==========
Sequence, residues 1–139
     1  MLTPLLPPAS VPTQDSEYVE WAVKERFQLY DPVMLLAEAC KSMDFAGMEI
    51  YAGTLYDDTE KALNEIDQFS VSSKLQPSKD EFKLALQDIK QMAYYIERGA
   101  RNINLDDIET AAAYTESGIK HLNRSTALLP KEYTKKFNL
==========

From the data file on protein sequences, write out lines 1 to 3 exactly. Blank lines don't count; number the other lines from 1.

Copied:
Sequence, residues 1–139
     1  MLTPLLPPAS VPTQDSEYVE WAVKERFQLY DPVMLLAEAC KSMDFAGMEI
    51  YAGTLYDDTE KALNEIDQFS VSSKLQPSKD EFKLALQDIK QMAYYIERGA